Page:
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Marley's Family Wins Case Over Use Of Musician's Image

bobA Reno-based company intentionally interfered with business relationships established by Bob Marley's heirs and must pay the family at least $300,000 in damages, a Las Vegas jury ruled Friday.

"The verdict sends a clear message to anyone who would challenge the integrity of our father's legacy," Rohan Marley, son of the late reggae musician, said in a written statement. "Preserving it remains one of our top priorities and we will continue to aggressively pursue legal actions against those who attempt to unfairly profit from his life and legacy."

Jurors ruled that AVELA, a corporation based in Reno, and owner Leo Valencia, a San Diego resident, intentionally interfered with the family's business relationships and engaged in unfair competition by selling T-shirts and other products bearing Bob Marley's image. The products have been sold across the country at retail stores such as Target, Walmart and Wet Seal.

The case was filed in January 2008 by Fifty-Six Hope Road Music Ltd. and Zion Rootswear.

Fifty-Six Hope Road was formed by Bob Marley's widow, Rita, and nine of his 11 children. According to court records in the Las Vegas case, the company first licensed Marley's identity in 1986. In 1999, it granted Zion the exclusive worldwide license to design, manufacture and sell T-shirts bearing Marley's image.

Marley died of cancer in 1981 at the age of 36.

Jurors awarded the plaintiffs $300,000 in damages on the claim of intentional interference. U.S. District Judge Philip Pro is expected to award additional damages after he determines the amount of lost profits caused by the unfair competition.

According to Rohan Marley's statement, the verdict "affirms what we've been saying all along: we are the rightful owners of all rights to our father's identity and persona -- not because we inherited it, but because we had to buy back those rights many years ago and have taken great care to protect his legacy, identity and persona since his passing almost 30 years ago."

Rohan Marley testified during the trial, which began Jan. 4, and sat at the plaintiffs' table Thursday for closing arguments.

During the arguments, family attorney Jill Pietrini said the Marleys had to borrow $11 million to buy back the rights to Bob Marley's identity.

Pietrini had asked jurors to award $375,000 for intentional interference, and has said the unfair competition claim should result in damages of at least $3 million.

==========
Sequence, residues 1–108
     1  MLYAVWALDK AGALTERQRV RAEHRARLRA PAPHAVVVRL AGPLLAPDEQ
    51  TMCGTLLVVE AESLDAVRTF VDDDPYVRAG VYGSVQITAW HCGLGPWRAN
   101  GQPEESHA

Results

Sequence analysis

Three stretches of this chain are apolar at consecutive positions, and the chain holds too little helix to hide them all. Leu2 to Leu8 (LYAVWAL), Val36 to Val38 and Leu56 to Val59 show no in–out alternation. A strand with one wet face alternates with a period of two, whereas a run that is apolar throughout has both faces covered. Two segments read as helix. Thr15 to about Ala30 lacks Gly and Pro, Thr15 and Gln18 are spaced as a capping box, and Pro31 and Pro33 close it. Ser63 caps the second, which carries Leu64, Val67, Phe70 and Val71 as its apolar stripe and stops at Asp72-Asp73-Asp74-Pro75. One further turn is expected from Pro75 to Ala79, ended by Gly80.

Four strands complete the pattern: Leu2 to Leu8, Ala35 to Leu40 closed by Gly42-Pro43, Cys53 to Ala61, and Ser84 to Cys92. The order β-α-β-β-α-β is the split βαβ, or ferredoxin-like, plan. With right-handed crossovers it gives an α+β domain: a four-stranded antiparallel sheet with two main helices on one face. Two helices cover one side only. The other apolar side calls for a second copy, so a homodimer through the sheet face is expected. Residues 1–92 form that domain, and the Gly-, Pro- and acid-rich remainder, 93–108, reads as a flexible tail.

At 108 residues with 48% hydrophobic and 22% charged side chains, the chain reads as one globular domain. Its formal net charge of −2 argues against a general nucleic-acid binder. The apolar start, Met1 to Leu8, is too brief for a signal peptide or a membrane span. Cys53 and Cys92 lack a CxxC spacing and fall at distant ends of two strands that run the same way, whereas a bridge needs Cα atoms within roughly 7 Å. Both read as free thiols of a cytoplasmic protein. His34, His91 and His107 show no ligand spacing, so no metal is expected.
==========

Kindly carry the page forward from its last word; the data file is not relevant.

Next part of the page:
Marley's heirs claimed that retailers, including Wet Seal, dropped their products in favor of the defendants' cheaper, unlicensed merchandise.

No members of the Marley family were in court when the verdict was read Friday afternoon.

The jury's four men and four women deliberated about five hours before announcing their decision.

Los Angeles attorney Douglas Winter, who represents the defendants, said his clients plan to take the case to the 9th U.S. Circuit Court of Appeals in San Francisco.

The defendants' lawyers argued at trial that Marley's heirs needed to show that consumers likely were confused about the family's sponsorship of the defendants' products.

"We're obviously disappointed with the verdict," Winter said. "We don't believe that a false endorsement was actually proven in the case. We don't believe that the evidence established that consumers are likely to be confused that Bob Marley or his heirs sponsor or approved defendants' products."

He said the unfair competition claim "is an unprecedented extension of a false endorsement claim beyond that which the statute or existing case law authorizes, and we anticipate that we will be successful on appeal in the 9th Circuit."

AVELA publishes and licenses photographs, images, movie posters and other artwork for retail use. Other defendants in the Las Vegas case included Jem Sportswear and Central Mills (Freeze).

The jury found that all the defendants willfully engaged in unfair competition, but the panel found that JEM and Central Mills did not intentionally interfere with the Marleys' business relationships.

"It was a hard-fought battle, and the jury came to the right decision," Pietrini said.

SOURCE: Las Vegas R.J.

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